Some 50 fire personnel conduct rare, complex and risky rescue to free man in 30’s from where he had been trapped for up to two days
Contra Costa County Fire Protection District (Con Fire) led a three-and-a-half-hour, nearly 50-person rescue effort Sunday evening that freed a man in his thirties from an underground storm water pipe where he had been stuck for up to two days.
The rescue took place after passersby heard cries for help coming from underground and reported this to 911. Con Fire was notified at 5:37 p.m. Sunday of someone possibly stuck in a drainage pipe near the 3100 block of Buchanan Road in Antioch. Arriving on scene moments later, firefighters quickly determined someone was trapped and launched the rescue effort.
The complex, high risk, and rare “confined space” rescue was conducted by specially trained firefighter technicians from Con Fire and East Contra Costa Fire with support from City of Antioch Public Works and Antioch PD. Four Con Fire firefighters, connected by umbilical cords for breathing air and underground communications, made entry into the storm water infrastructure, locating the victim, clearing considerable debris blocking his path, and bringing him to the surface shortly before 9 p.m.
“As an all-risk fire agency, we train for rare rescues such as this,” said Contra Costa County Fire Protection District Fire Chief Lewis Broschard. “Still, this was a complex and high-risk rescue effort that required extensive specialized resources and the skill and experience of many professionals from across the District to successfully complete.”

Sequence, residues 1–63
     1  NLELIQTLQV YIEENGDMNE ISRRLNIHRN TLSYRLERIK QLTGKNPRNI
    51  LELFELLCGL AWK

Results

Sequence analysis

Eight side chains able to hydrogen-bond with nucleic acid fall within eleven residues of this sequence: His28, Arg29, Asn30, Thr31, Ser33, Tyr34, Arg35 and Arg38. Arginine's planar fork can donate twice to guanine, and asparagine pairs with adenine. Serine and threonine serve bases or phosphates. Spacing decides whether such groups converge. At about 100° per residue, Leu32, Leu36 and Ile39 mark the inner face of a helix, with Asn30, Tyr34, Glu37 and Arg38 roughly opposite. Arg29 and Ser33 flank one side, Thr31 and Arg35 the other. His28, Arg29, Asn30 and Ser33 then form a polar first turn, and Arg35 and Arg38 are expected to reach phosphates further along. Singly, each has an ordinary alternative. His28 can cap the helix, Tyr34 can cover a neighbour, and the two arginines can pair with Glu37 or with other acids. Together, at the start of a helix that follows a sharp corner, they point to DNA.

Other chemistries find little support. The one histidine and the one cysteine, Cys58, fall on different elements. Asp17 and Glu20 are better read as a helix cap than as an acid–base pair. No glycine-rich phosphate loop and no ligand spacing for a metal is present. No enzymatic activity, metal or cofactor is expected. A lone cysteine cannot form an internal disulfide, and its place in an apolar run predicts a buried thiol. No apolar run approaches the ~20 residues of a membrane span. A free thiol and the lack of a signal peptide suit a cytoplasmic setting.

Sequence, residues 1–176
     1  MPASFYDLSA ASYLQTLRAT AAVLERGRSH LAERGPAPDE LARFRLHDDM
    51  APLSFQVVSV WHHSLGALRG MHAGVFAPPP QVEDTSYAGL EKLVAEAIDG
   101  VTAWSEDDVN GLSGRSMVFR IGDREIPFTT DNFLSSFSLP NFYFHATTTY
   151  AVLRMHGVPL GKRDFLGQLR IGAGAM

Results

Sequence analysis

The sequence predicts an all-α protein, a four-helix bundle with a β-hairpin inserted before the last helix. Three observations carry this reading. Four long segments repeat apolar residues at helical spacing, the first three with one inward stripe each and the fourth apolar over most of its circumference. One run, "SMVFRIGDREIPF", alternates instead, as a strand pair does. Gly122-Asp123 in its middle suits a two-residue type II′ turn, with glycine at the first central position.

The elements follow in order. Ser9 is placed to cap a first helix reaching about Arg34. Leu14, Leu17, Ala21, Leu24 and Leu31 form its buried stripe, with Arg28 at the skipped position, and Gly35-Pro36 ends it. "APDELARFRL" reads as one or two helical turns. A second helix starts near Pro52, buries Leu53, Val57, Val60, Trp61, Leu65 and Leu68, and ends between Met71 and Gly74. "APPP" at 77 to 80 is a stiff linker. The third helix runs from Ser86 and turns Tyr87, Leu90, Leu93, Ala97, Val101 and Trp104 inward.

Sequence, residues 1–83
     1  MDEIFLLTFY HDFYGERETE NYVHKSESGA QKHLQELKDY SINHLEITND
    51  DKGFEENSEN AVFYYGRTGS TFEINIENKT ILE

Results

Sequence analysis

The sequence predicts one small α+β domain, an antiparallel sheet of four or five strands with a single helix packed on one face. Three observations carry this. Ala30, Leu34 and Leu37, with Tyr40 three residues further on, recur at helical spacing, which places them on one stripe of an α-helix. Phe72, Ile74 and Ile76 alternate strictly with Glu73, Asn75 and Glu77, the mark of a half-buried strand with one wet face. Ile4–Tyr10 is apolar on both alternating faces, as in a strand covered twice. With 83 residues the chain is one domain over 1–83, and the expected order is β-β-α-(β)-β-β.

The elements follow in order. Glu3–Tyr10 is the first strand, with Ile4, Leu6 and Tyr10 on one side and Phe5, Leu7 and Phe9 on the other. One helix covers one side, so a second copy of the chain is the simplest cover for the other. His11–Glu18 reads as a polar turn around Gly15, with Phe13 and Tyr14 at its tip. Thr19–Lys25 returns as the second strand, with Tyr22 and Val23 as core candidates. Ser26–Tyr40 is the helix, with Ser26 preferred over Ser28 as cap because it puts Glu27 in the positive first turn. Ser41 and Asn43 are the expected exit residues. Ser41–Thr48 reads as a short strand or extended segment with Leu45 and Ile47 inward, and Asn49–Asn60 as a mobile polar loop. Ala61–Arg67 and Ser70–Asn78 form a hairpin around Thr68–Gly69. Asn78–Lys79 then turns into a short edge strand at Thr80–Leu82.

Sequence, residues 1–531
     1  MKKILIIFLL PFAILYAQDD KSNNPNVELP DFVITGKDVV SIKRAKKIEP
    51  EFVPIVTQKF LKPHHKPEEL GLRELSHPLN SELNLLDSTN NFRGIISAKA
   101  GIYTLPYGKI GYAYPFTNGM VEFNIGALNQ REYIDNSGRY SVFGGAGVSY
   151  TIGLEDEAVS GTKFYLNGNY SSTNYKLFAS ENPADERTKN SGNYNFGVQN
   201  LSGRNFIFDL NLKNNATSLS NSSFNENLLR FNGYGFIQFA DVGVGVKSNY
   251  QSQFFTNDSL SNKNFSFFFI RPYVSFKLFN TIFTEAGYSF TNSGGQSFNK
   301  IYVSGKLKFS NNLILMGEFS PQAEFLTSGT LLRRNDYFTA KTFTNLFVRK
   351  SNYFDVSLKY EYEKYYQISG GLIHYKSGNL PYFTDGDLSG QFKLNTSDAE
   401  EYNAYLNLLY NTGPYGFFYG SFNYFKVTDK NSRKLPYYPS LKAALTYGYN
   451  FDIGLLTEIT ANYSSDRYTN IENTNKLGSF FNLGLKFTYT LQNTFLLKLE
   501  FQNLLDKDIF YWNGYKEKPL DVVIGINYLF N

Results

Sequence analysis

Confined space rescues are both uncommon and high risk. They are highly complex for many reasons including oftentimes the unknown location and condition of the victim and the potential risks to both victim and rescuers. Confined spaces such as these are not intended for humans to occupy, consequently, they may be an oxygen-deficient environment not capable of supporting human life.
In this case, uncertain of how to successfully reach the man through several potential access points, the incident commander ordered two simultaneous rescue attempts from opposite sides of the drainage pipe. The first, which eventually proved successful, involved sending rescue firefighters into a nearby underground vault to make their way to and free the victim. At the same time, City of Antioch Public Works responders were directed to use a backhoe to dig down to the underground pipe on the opposite side of the victim’s location in case it became necessary to break it open to affect a rescue from that direction.
Con Fire firefighters routinely train to conduct restricted space and a wide variety of other rescue types at our Training Division on Treat Boulevard in Concord. In addition to academic training facilities, the Con Fire training campus has many sophisticated training props designed to allow firefighters to train in the most realistic environments possible for rescues such as this.
Rescuers were unable to determine the man’s motivation for entering the stormwater drainage system or his exact entry point, which is believed to have been some distance from the rescue location.
Once brought to the surface, the victim was evaluated at the scene, determined to be uninjured, and transported to Sutter Delta for further evaluation.